# Mechanical resonance

#### dr pepper

##### Full Member level 6
If a metal plate has a resonant frequency of 100hz when struck by an object (creating an impulse) it rings at 100hz.
If the plate was subjected to a 99hz vibration would it ring at 99hz at a lesser amplitude or its resonant 100hz, assuming the Q of the plate was failry wide.
Looking at an old fashoned frequency meter that uses tuning forks I'd say the former.

#### KlausST

##### Super Moderator
Staff member
Hi,

It will move with the excitation frequency.

Klaus

#### dr pepper

##### Full Member level 6
Proving my suspicion, thanks.

#### FvM

##### Super Moderator
Staff member
It will move with the excitation frequency.
In steady state, yes. Transient response is more complex.

#### c_mitra

If a metal plate has a resonant frequency of 100hz when struck by an object (creating an impulse) it rings at 100hz.
If the plate was subjected to a 99hz vibration would it ring at 99hz at a lesser amplitude or its resonant 100hz, assuming the Q of the plate was failry wide.
1. If the object is subjected to an external periodic force with a frequency f, the object will move with the external frequency. This is called the forced vibration.

2. Now you sweep the frequency: as the external frequency (f) approaches the natural frequency (resonant frequency) we see a change in phase and amplitude but it always moves at the external frequency.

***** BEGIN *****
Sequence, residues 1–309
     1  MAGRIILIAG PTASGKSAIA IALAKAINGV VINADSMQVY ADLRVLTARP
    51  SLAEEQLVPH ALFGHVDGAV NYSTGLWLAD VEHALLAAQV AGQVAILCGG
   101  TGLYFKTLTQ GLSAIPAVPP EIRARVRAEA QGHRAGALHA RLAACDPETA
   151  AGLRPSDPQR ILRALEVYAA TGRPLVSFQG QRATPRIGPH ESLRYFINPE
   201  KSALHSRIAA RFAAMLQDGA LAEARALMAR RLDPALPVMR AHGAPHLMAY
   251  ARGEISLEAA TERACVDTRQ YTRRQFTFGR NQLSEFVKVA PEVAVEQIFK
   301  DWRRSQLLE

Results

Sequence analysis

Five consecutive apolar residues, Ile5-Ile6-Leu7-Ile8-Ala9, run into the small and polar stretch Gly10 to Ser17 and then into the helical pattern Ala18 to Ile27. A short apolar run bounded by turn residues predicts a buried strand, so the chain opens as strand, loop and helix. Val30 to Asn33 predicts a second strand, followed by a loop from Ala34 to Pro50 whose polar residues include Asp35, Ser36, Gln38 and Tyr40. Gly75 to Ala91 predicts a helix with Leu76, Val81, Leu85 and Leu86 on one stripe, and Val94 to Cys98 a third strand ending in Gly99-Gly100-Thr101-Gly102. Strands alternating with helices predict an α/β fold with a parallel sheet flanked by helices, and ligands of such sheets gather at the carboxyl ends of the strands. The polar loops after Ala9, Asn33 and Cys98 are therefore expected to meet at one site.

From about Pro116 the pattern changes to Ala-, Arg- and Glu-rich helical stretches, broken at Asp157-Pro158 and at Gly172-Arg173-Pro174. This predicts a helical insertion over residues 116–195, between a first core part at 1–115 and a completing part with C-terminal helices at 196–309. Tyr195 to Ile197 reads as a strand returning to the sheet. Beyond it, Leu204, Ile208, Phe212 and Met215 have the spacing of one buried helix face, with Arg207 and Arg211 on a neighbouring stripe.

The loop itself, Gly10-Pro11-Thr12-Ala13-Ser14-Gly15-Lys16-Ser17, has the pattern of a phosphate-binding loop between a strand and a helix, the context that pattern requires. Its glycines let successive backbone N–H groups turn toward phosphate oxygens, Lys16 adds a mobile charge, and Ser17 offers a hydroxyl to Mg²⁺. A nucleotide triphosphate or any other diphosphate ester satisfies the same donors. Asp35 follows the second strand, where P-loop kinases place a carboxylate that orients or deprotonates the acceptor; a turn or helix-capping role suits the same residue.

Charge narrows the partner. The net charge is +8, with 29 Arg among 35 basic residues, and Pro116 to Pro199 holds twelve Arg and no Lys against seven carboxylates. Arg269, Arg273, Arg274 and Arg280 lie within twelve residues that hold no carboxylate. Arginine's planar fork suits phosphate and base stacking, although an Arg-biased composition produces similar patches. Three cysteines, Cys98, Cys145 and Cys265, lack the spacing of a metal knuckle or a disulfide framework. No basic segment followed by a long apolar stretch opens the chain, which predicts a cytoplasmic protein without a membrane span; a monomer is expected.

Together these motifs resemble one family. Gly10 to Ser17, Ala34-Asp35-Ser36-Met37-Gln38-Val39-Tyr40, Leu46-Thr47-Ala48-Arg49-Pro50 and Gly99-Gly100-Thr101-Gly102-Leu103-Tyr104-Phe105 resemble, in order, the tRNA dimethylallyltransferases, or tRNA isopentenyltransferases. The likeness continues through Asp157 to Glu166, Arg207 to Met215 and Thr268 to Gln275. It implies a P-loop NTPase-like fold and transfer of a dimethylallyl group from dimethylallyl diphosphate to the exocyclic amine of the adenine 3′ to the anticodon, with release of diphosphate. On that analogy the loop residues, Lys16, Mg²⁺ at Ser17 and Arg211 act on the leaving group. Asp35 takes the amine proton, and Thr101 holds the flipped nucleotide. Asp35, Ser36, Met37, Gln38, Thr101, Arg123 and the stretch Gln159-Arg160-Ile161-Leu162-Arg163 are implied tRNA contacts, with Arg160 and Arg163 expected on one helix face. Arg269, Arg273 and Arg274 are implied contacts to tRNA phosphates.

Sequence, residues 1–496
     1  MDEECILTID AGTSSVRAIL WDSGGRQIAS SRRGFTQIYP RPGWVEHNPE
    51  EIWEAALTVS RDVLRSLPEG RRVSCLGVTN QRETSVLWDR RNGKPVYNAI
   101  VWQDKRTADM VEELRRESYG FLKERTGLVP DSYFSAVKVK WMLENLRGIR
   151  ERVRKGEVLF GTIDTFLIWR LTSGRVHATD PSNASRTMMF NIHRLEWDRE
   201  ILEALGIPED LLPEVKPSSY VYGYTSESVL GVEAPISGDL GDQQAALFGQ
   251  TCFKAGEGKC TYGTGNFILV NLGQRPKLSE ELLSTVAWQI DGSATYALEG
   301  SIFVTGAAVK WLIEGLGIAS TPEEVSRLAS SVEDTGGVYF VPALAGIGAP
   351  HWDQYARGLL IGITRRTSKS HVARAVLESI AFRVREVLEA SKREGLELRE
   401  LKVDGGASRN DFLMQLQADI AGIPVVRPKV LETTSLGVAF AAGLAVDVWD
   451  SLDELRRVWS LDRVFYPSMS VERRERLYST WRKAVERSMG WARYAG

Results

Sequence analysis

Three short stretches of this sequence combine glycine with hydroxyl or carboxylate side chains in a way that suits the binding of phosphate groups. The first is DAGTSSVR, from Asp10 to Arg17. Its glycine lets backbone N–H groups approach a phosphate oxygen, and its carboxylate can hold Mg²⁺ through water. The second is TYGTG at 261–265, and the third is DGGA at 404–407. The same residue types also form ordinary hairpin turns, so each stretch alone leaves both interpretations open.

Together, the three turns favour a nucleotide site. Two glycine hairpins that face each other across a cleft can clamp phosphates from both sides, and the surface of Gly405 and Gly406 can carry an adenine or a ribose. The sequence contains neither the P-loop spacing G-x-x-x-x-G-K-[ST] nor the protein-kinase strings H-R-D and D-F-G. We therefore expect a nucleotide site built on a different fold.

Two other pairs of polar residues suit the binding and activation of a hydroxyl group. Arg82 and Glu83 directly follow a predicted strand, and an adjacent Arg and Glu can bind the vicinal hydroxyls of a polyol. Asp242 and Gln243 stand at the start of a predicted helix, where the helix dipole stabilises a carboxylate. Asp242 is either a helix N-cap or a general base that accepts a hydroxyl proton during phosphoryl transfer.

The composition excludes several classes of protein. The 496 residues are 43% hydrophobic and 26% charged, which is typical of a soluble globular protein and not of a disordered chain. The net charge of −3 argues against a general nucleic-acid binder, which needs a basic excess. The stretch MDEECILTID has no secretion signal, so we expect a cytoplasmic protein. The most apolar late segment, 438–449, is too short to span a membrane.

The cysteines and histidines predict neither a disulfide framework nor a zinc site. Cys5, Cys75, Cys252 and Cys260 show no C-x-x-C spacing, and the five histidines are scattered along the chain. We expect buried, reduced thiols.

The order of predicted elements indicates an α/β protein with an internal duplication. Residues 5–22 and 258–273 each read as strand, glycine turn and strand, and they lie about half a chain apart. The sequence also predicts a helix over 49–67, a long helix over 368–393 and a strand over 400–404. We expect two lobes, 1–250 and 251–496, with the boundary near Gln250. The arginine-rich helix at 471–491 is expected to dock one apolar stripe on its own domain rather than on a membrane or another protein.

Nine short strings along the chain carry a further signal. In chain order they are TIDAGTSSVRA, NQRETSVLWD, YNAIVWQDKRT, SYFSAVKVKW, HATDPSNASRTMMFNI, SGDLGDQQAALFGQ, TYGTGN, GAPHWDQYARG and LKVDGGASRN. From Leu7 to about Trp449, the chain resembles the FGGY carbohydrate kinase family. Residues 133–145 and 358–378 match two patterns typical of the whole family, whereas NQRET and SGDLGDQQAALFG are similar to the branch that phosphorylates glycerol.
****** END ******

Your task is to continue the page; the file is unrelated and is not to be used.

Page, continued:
3. In spectroscopy, these are called absorption and dispersion spectrum of the object.

4. When struck by an impulse (a large force of short duration), the initial behavior is complex but after some time the object vibrates at its natural (resonant) frequency.

5. An impulse can be decomposed into a large number of frequencies with different amplitudes. However, energy from the natural frequency is absorbed strongly.

6. Electrical circuits containing reactance also show similar behavior.

#### dr pepper

##### Full Member level 6
Ok thanks for that.
Interesting on the phase change.

#### c_mitra

Ok thanks for that.
Interesting on the phase change.
Right, phase changes close to the resonance can be messy to explain.

1. Far from resonant frequency, the energy absorbed is small and the phase change is small.
2. As it approaches the resonant frequency, amplitude increases and the phase difference increases.
3. At some point close to the resonant frequency, the phase difference becomes max (positive or negative) but the amplitude continues to increase.
4. At the resonant frequency the amplitude peaks and the phase change becomes zero.
5. After the peak, the phase difference crosses to the other side (+ve to -ve or vice-versa).

The dispersion spectrum has two peaks on opposite sides and is zero at the point corresponding to the peak in the absorption spectrum.

Optical rotation in molecular spectroscopy is related to the phase difference between two circularly polarized light.

Quadrature detection in electronics is also related.